‘From tiny acorns, mighty oak trees grow’ so the saying goes, and it’s fair to say that US-based LX Studio, the new innovation project of global firm Norton Rose Fulbright (NRF), is very much still an acorn – but it has plenty of potential.
Artificial Lawyer spoke to Jeff Cody, Managing Partner for the US side of 3,700-lawyer NRF, which was formed by the merger of the UK’s Norton Rose and America’s Fulbright & Jaworski in 2013, to find out some more.
But first, some context. NRF has been doing plenty on innovation for some years, primarily through what they call NRF Transform, which includes legal ops consulting, managed legal services (i.e. project managed process work), and a range of tech-focused capabilities that span from deploying NLP tools for particular projects (e.g. IBOR/LIBOR), to working directly with clients to help with their legal tech strategies.
It’s fair to say this has often had a strong UK and European flavour, with the firm creating a specialised office some years ago in Newcastle in northern England to help expand this offering. Although there is also a ‘cost-effective’ eDiscovery team based in Houston, Texas, it should be added.
Now back to Cody, who is also based in Texas. So, what is LX Studio going to add?
‘LX Studio is part of NRF Transform, but in the US we needed a [separate] brand from an innovation perspective,’ he explained and added that they will work very much in a co-ordinated way with the team in the UK.
‘We were not as organised as we wanted to be in US [in relation to innovation and legal tech],’ Cody noted.
So LX Studio, with a specific allocation of staff, will address that need and provide clients, especially in America, with something more formalised around tech and innovation.
But what will this new group do? Cody said that the foundation stone will be tech products. This includes privacy compliance tool NT Analyzer, which they have had on offer for about four years already, plus in June they formed an agreement with Chicago-based software developer, NMBL Technologies, to offer its legal workflow management platform, Proxy, through the LX Studio. Although, given that Proxy is a tool that will be applied inhouse by clients it won’t necessarily help to drive work back to NRF, although clients that work with LX Studio to implement the software may become ‘more sticky’ perhaps as a result.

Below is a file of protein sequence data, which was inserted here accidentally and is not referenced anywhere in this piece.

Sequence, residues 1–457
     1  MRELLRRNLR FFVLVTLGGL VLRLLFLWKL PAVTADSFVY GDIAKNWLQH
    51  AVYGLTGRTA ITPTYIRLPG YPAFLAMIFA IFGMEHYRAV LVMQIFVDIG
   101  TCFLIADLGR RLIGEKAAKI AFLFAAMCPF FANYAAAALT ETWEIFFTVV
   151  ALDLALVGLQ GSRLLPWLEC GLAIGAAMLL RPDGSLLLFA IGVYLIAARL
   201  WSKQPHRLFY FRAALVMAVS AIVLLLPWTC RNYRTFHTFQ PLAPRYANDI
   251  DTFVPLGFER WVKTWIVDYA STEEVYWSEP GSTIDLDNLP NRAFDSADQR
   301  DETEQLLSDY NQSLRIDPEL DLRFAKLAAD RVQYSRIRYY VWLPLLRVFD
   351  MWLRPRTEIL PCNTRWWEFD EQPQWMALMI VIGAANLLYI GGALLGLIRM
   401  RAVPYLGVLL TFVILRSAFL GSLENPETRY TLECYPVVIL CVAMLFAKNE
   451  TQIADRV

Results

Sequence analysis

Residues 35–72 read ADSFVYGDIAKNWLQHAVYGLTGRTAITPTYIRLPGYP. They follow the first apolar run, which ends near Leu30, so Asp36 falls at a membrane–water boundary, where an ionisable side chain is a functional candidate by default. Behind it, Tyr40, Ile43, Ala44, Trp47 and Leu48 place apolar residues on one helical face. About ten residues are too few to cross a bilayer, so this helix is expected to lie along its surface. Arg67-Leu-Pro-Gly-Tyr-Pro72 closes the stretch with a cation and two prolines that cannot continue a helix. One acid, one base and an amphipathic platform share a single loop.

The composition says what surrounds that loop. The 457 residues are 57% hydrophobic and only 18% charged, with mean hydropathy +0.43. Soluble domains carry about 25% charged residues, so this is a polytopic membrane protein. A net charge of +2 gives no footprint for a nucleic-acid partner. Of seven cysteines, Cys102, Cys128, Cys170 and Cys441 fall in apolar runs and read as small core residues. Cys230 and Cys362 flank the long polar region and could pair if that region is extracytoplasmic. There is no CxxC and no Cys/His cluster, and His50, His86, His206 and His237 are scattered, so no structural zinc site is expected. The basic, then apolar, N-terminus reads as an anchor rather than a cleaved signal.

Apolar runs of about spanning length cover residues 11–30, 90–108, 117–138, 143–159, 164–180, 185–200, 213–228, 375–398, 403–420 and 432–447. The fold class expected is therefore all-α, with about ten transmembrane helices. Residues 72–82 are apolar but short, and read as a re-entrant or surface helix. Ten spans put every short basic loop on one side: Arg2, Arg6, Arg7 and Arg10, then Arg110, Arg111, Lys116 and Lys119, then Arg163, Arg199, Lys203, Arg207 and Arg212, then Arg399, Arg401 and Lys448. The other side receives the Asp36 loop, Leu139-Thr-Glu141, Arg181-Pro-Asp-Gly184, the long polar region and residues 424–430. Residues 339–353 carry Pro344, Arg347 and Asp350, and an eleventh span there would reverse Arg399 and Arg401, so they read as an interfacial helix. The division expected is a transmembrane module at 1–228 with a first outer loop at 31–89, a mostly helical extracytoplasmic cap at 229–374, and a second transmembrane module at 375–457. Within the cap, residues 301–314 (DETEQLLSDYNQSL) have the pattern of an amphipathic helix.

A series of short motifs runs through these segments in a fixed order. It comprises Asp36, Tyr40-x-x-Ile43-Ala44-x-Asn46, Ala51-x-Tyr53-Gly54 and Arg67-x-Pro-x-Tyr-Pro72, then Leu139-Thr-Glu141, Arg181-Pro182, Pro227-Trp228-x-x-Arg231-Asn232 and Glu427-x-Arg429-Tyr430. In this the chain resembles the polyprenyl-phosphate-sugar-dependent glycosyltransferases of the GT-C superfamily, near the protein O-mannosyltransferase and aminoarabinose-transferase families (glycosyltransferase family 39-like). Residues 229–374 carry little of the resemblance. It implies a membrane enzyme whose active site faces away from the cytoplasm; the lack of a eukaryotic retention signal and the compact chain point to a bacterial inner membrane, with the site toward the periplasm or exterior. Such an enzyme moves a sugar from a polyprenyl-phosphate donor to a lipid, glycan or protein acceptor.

LX Studio will therefore ‘put more muscle behind NT Analyser and Proxy’, Cody explained.
But, is providing software to clients the extent of things?
Cody stressed that it was early days, hence this site’s allusion to acorns. He added that they are also potentially interested in consulting work. They will certainly be working closely with consultants within NRF Transform such as Stephanie Hamon, who helps with clients’ legal ops needs, but they are also considering how they could perhaps build their own team in America.
‘We are thinking about building our own consulting team in the US, but it has not landed yet,’ Cody said.
‘We could develop consulting for risk management,’ he noted by way of example. However, Cody said that one challenge they have ‘is Bar restrictions in the US’, which could make it tricky to have top-level consultants.
Consulting to large corporations tends to demand top level people, and they will expect to be remunerated well, e.g. like a partner. While the UK is a very open regulatory environment and bringing on consultants at partner level with or without a legal background is not too much of a barrier, in the US it’s harder.